The Head & Neck Exam

Inspection
Inspect the Head
Inspect the Neck
Inspect the Thyroid
Auscultation
Palpation
Palpate the Neck
Palpate the Lymph Nodes
Describing Masses
Palpate the Thyroid
Anterior Approach
Posterior Approach
Developing a DDx for Neck Masses
Targeted H&P for Thyroid Disease
Targeted History
Targeted Physical
Start with the Vitals
General Appearance
Systematic Approach
Examine the Thyroid
References

Inspection

Inspect the Head

  1. Note the position and size of the head. In children, note whether it is proportional with the rest of the body.
  2. Note the texture of the hair.
  3. Examine the eyes. Note any abnormalities such as proptosis, periorbital edema, ptosis, lid lag, or eyebrow hair loss.

Inspect the Neck

  1. Note any swelling, erythema, atrophy, asymmetry, deformity (ex: deviation of the trachea), scars or cutaneous changes (petechiae, brusing...)
  2. Note any masses or asymmetry

Inspect the thyroid

  1. Ask the patient to extend their neck and tip their head back to inspect for the thyroid gland. It is not visible in all patients, but will be found inferior to the cricoid cartilage. Note any asymmetry and or prominent veins (superficial venous distension), which is often seen in goiter.
  2. With the patient's neck still extended, ask the patient to swallow. The thyroid gland should elevate during a swallow. Note its contour and symmetry.

Auscultate the neck

  1. Auscultate over the carotid area with the diaphragm of your stethoscope. Bruits in this area are indicative of carotid stenosis.
  2. Still using the diaphragm, auscultate over the thyroid. A thyroid bruit may be a sign of increased blood flow and is sometimes found in hyperthyroidism.

If a carotid bruit is heard, do not palpate the carotid artery. If this is a new finding, further investigations (e.g.: doppler ultrasound) are warranted to determine the cause of the bruit.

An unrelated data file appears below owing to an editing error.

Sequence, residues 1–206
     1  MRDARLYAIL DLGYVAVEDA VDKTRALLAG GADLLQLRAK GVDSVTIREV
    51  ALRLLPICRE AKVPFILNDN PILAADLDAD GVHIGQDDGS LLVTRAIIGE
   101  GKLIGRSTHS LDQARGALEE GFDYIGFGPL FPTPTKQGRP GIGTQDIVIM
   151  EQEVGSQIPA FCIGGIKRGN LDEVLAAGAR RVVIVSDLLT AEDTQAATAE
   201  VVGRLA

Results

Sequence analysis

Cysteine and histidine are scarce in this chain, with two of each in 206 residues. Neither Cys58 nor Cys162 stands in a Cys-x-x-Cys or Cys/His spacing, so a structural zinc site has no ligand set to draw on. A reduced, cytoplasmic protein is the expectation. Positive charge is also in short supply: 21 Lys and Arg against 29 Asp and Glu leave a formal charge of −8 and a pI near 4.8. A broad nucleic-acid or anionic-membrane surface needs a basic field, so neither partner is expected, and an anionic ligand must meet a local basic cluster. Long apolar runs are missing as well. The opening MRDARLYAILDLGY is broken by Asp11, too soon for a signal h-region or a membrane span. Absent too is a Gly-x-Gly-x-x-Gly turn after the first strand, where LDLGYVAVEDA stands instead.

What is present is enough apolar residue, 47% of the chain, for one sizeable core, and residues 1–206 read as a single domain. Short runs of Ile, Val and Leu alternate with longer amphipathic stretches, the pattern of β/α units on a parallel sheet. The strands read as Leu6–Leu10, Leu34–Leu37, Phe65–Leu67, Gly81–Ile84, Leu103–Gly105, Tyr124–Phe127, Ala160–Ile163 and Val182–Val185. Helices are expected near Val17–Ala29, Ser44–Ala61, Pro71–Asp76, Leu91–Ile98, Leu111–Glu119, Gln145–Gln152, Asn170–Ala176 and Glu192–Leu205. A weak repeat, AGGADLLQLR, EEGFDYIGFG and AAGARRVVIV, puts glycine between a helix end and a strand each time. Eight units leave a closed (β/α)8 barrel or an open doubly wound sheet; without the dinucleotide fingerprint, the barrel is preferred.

Palpation

Palpate the Neck

  1. Position yourself behind the seated patient and palpate the neck with the pads of your fingers. This palpation should be firm and deep. Note any tenderness, masses, nodules or inflammation.
  2. Detect deviation of the trachea by placing your index finger between it and the sternocleidomastoid and note the distance between the two. Repeat on the opposite side and compare distances; they should be nearly identical.

The neck should almost always be palpated while in a neutral position (see below for one exception). The physical exam is much less sensitive if the neck is in flexion or extension.

Palpate the Lymph Nodes

  1. Using the pads of your index and middle fingers, firmly (but gently) apply pressure in a circular motion over the 10 sets of lymph nodes in the neck.
  2. Systematically palpate the preauricular nodes, the posterior auricular nodes, the occipital nodes, the posterior cervical chain, the superficial cervical chain, the deep cervical chain, the supraclavicular nodes, the tonsillar nodes, the submandibular nodes and finally the submental nodes (refer to the Anatomy Review section for a refresher on the location of each set of nodes).

Differentiate between a lymph node and a muscle/artery by rolling your fingers up & down as well as left & right over the structure. Only a lymph node will be mobile in all four directions. Also, compare any findings with the opposite side. Unilateral findings are generally more concerning.

Describing masses

It is vital to properly describe the characteristics of a neck mass as they play an important role in the differential. For every node, mass or nodule felt, note their characteristics using the mnemonic: CCSSS LMNOP:


CCSSS LMNOP

Palpate the thyroid

The thyroid can be palpated using one of two methods. Both approaches are bimanual exams (i.e. they require the use of both hands).

The Anterior Approach

  1. Standing in front of the patient, tip their head forward and to their right and hand them a glass of water.

While it is true that the neck should almost always be palpated in a neutral position (see above), there is one exception to this rule. The thyroid should be palpated with the neck in slight flexion and lateral rotation. These movements help to relax the SCM muscle, making the thyroid easier to palpate.